Yggdrasil is the tree of life on which rests the nine kingdoms of Norse mythology : Asgard, Vanaheim, Alfheim, Midgard, Jötunheim, Svartalfheim, Niflheim, Muspelheim and Helheim. According to certain texts, there would still exist other kingdoms, such as Nidavellir for example, the world of the dwarves. According to other writings, the kingdoms of Helheim and Niflheim would in fact be one. Anyway, to date, none of the known ancient sources reveal how these nine worlds are arranged around Yggdrasil. No "map", in any case, has so far been discovered. So inevitably, certain contradictions apply. Nevertheless, diagrams made from clues found in some sources tend to give an approximate image of the place of the nine worlds in Yggdrasil.

Thus, Midgard, the world of humans, would be located at the very center of Yggdrasil . Around him but further from the trunk, Jötunheim (the world of the ice giants) and Svartalfheim (the world of the dark elves). The celestial sphere, located above the tree, would be made up of Asgard (the world of the Ases gods), Vanaheim (the world of the Vanir gods) and Alfheim (the world of the elves). The terrestrial sphere, located under the sacred tree, would house Helheim (the world of the dead), Muspellheim (the world of fire) and Nifheim (the world of ice).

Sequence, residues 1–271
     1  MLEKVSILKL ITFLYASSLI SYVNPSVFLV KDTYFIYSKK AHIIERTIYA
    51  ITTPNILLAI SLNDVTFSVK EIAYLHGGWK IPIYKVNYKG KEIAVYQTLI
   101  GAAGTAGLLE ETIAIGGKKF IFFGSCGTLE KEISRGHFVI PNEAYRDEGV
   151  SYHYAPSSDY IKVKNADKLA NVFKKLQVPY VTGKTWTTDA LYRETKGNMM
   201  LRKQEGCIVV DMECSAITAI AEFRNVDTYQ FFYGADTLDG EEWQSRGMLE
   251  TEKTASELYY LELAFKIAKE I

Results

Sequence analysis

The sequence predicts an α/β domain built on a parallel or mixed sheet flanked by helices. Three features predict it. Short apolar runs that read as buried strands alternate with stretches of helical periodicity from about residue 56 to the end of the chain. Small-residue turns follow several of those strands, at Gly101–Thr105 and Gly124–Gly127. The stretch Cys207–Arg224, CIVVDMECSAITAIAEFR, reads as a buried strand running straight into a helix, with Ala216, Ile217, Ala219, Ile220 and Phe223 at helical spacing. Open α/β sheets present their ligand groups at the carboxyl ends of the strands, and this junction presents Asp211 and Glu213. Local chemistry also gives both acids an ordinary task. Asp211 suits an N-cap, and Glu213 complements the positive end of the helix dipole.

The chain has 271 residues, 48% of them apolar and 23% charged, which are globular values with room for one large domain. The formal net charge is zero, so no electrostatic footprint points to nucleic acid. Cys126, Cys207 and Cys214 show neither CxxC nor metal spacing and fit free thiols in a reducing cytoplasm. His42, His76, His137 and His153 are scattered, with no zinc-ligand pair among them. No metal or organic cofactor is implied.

Where do the three roots of Yggdrasil come from?

Yggdrasil Roots

Each of the three roots of the sacred tree leads to three worlds: Asgard, Midgard and Niflheim. The first root comes straight from the Hvergelmir spring , located in Niflheim. The latter is guarded by Nidhögg , a terrible dragon that gnaws the root of Yggdrasil. The second root starts from Mimir , a fountain located in Jötunheim . This contains the source of all wisdom and is guarded by a giant. Finally, the third root begins at the Well of Urd in Asgard. The latter is guarded by three Norns , women weaving the destiny of Men and Gods.

Yggdrasil, host to many characters from mythology

Animals on Yggdrasil

In addition to housing the nine worlds and those who inhabit them, the sacred tree Yggdrasil is also host to other characters. There are first five stags : Sain, Duneyr, Durathor, Dvalin and Eikthymir. The first four feed on the foliage located at the bottom of the tree, while the last grazes on the twigs. At the top of the ash tree is the Heidrun goat . As well as Ratatosk, a squirrel who never stops running in all directions and sows a fight between the snake Nidhögg and the eagle Vidofnir. Then a falcon , named Vedrfölnir.